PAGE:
Western Cape health officials suggest that the fact of the province’s having nearly two thirds of national of cases means that community transmission ‘seeded’ earlier in the Western Cape, and that other provinces could soon follow suit.

This emerged from an online briefing by provincial officials yesterday.

In the briefing, officials shared graphics demonstrating how they had pinpointed hotspot suburbs and areas within suburbs the better to focus on dealing with infection outbreaks.

According to a report on the briefing on News24, Western Cape officials said they had identified clusters of outbreaks as ‘hotspots’, and focused on testing, screening, tracing, support, and prioritising treatment of the most vulnerable from these hotspots.

The officials said most of the cases in the province were among essential service workers, such as in the retail sector, and the projections by the province’s experts were that 90% of people would have no or mild symptoms.

It was hoping to manage those cases through self-isolation and quarantine where possible, assisting those who did not need to go to hospital with self-management, unless otherwise necessary. 

Positive cases in South Africa rose by 1 134 yesterday to 19 137. Deaths rose to 369.

It emerged yesterday that the consortium of experts advising the government had clarified their projections to show that 12 million to 13 million Covid-19 cases could cumulatively occur in the country by November, of which only roughly 3.7 million would be detected.

It was reported on Wednesday that the South African Covid-19 Modelling Consortium projected a figure of between 1 and 1.2 million cases. In a further media briefing by the consortium and other modelling groups on Thursday, in conjunction with Health Minister Zweli Mkhize, News24 reported that ‘it has now been clarified that the one million cases are the expected number of active cases at the peak of the country’s infection curve at that specific moment in time’.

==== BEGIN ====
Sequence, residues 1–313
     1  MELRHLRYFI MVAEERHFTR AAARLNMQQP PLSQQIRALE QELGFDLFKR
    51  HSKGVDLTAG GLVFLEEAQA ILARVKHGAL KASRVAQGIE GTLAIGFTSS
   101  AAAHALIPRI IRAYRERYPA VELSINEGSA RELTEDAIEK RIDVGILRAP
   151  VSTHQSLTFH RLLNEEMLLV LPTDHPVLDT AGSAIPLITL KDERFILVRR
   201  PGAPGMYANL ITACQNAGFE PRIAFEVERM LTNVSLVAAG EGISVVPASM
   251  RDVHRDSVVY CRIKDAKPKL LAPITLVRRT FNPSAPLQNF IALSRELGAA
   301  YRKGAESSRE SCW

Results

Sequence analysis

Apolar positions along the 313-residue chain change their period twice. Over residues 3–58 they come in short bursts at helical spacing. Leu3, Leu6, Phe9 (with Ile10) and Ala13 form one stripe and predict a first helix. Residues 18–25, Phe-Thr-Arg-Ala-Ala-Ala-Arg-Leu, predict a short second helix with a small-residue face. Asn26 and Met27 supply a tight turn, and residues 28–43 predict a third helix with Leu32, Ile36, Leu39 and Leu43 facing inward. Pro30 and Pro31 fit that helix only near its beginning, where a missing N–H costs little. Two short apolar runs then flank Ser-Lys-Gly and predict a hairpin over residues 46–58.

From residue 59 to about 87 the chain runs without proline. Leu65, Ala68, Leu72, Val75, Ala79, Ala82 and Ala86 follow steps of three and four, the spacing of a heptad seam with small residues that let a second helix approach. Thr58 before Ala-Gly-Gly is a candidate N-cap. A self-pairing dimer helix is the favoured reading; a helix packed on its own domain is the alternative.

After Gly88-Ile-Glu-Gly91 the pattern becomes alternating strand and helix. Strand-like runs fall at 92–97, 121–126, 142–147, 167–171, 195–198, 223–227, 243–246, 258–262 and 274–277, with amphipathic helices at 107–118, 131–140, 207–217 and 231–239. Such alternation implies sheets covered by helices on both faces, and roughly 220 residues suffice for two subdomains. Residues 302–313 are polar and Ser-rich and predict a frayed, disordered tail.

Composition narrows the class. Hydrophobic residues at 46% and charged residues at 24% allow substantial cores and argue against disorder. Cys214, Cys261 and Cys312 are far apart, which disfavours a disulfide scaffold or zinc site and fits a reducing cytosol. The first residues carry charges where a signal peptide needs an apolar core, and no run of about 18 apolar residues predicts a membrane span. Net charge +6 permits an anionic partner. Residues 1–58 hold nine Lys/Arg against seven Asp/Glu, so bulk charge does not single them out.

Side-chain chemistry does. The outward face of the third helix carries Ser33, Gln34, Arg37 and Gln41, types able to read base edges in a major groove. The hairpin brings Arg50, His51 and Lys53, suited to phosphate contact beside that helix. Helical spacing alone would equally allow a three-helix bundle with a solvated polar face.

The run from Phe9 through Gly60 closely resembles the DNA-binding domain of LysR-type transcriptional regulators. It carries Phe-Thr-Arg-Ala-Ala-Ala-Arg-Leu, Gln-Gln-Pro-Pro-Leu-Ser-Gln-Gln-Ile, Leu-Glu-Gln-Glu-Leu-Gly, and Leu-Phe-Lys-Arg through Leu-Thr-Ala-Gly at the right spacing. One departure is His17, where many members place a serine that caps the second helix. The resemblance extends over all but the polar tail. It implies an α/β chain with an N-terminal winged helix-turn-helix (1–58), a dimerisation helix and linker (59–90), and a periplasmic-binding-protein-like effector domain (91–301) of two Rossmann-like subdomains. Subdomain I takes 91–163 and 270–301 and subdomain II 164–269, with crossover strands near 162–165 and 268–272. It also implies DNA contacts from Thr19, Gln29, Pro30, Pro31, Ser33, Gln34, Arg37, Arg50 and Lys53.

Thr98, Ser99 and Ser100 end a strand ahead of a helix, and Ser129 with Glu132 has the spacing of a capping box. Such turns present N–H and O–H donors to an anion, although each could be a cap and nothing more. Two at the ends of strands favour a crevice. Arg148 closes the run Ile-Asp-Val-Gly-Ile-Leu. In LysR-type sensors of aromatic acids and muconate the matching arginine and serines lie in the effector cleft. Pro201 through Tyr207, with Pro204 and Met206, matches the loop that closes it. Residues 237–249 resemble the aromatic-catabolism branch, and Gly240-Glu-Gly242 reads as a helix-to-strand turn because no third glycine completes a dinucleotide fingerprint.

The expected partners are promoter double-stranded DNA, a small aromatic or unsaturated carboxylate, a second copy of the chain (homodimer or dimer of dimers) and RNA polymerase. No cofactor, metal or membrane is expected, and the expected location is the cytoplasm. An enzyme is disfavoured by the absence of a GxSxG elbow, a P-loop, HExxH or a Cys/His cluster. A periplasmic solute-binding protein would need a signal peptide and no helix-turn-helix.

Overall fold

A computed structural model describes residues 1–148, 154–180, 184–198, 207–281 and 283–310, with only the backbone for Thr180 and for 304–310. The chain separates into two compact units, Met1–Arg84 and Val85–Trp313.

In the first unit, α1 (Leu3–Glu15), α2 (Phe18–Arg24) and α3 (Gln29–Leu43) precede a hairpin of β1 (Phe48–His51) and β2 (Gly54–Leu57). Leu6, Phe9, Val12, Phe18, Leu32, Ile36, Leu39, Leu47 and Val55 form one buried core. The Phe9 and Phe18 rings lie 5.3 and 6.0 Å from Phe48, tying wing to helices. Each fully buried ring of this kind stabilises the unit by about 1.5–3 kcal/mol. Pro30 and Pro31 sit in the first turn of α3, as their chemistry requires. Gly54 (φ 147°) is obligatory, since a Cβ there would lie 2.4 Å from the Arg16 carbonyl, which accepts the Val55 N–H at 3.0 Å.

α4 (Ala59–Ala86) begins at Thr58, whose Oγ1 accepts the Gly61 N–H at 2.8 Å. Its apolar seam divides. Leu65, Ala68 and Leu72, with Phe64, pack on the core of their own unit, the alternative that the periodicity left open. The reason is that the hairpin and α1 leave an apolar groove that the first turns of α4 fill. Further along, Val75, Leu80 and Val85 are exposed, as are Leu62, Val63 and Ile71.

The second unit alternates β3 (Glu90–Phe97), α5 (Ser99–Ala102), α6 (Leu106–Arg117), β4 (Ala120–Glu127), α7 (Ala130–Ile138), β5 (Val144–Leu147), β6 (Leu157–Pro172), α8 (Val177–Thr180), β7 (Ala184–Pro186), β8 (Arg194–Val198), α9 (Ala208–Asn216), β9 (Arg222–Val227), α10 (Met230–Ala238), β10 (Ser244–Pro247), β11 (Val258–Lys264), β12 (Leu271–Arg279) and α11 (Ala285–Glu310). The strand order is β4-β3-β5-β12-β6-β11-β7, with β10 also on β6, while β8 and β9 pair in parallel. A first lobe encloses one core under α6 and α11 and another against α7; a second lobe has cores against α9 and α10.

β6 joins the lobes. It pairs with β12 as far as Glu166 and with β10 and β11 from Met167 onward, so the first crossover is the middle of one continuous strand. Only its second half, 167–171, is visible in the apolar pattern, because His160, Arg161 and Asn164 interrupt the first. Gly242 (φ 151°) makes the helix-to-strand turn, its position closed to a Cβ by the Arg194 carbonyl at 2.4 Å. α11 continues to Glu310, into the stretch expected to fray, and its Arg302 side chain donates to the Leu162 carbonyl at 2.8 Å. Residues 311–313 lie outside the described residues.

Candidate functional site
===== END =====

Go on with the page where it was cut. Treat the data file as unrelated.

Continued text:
Peak infection was expected to occur between early-July (pessimistic, 1.2 million cases) and mid-August (optimistic, 1 million cases), according to the consortium’s model.

Of the projected 12 million to 13 million cases, 475 000 to 680 000 would require hospitalisation over time, Professor Juliet Pulliam, the director of the South African Centre for Epidemiological Modelling and Analysis, who is part of the consortium, said.

It was also reported that the standoff between Professor Glenda Gray and Health Minister Zweli Mkhize continued yesterday, with Gray saying she had not criticised the lockdown, but had taken issue with the regulations. Gray, who is part of the Ministerial Advisory Committee for Covid-19, was reported at the weekend to have said the regulations were ‘unscientific’. In response, health minister Mkhize rebuffed the claims in a statement, saying Gray’s comments amounted to ‘unnecessary sensationalism’.

As the economic damage of the lockdown continues, the Reserve Bank cut the repo rate again yesterday, from 4.25% to 3.75%, with the prime lending rate falling from 7.75% to 7.25%.

In other virus-related news

  • The Financial Times reported that the downturn in activity across the eurozone had begun to ease as lockdowns introduced in some of its largest economies to help stem the spread of coronavirus were relaxed, although the bloc was still set for a historic economic contraction in the second quarter of this year. A widely watched survey of services and manufacturing business activity showed an uptick in May, from record lows the previous month, according to data published on Thursday;
  • The number of confirmed cases since the outbreak began passed 5 million;
  • The number of people who have died from the coronavirus is 328 000, according to Johns Hopkins University; and
  • The BBC reported that a further 2.4 million Americans sought unemployment benefits last week, despite hopes that easing lockdowns would help the economy. It said total claims since mid-March came to roughly 38.6 million – roughly a quarter of the workforce.

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